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The Sustainable Theatre Practice Treaty

This week on HowlRound, we continue our exploration of Theatre in the Age of Climate Change begun last April with this special series for Climate Week NYC. How does our work reflect on and respond to the challenges brought on by a warming climate? How can we participate in the global conversation about what the future should look like, and do so in a way that is both inspiring and artistically rewarding? As the director of the Center for Sustainable Practice in the Arts, and Theatre Professor in the School of the Arts, Media, Performance & Design at York University in Toronto, Ian Garrett has been an inspiration for years. He is a pioneer in the field of sustainability and the arts and has been extremely active in that arena, speaking, publishing, organizing conferences, and devising new ways of working. He is also an artist who is not afraid to think big thoughts. —Chantal Bilodeau

A broken ice shelf
The Ross Ice Shelf, Antarctica. Photo by US Department of State.

I should have had a tale to tell of hardihood, endurance, and courage.Robert Scott, Antarctic explorer

Imagine a place without war. A place where the environment is fully protected. A place that is dedicated to new discovery and scientific research. That near-utopian ideal is present in Antarctica, where the Antarctic Treaty has insured international cooperation and stewardship for decades. Theatre should also serve this purpose. There are a number of ways in which climate change is being addressed through theatre and the arts. But as Antarctica captures the imagination and shows us what can be done in the most extreme conditions, I propose that we adopt an ambitious agreement modeled on that success to aggressively address the urgency of climate change now. Will you be party to the Sustainable Theatre Practice Treaty?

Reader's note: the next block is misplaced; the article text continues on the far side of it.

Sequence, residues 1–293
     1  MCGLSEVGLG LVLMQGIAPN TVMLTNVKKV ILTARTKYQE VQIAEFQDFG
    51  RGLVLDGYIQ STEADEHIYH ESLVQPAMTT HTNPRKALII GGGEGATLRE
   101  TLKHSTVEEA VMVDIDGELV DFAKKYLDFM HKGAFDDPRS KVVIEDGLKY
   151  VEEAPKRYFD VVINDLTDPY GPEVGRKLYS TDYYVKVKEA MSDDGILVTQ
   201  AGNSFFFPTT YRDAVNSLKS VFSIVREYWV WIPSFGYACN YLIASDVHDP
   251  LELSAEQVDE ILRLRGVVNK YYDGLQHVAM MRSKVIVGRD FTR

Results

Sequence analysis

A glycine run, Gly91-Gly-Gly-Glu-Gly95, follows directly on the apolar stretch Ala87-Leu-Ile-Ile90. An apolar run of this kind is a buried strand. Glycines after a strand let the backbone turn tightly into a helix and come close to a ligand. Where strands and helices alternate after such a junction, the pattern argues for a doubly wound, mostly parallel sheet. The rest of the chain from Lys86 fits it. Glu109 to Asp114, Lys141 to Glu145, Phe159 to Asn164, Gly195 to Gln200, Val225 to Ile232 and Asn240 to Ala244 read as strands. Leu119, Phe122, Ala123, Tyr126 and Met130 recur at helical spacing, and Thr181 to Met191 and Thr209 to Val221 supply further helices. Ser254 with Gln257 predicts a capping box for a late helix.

What if we thought bigger? Like Antarctica big. Could we model our commitment to sustainable practice in the theatre the way nations have been cooperating since 1959 to conduct their shared relationship with our Southern-most continent?

Many countries claim parts of this icy continent, though these are not universally recognized. There is no government or permanent population of Antarctica, and all claims have been suspended since the adoption of the Antarctic Treaty System in 1959. When the treaty was agreed to, all of Antarctica became “a natural reserve, devoted to peace and science.” The effectiveness and longevity of the Antarctic Treaty System, which includes the original treaty and a number of related agreements, is impressive. However, this seeming utopia may only be possible at the ends of the earth because it is so inhospitable and incapable of supporting anything but the most dedicated research. But it does provide a case study on human cooperation and stewardship, and that should give us hope.

I feel similarly about theatre. Practically, it depends on human cooperation. It creates social dialogue that is a form of stewardship for our communities. Though as a faculty member at a research university who studies the sustainable impacts of theatre at the core of my research, research may not be its main purpose. What I have found is that theatre as a collective activity is often environmentally, socially, and economically positive. It, and other shared arts experiences, are some of the best drivers of a sustainable society. That should also give us hope.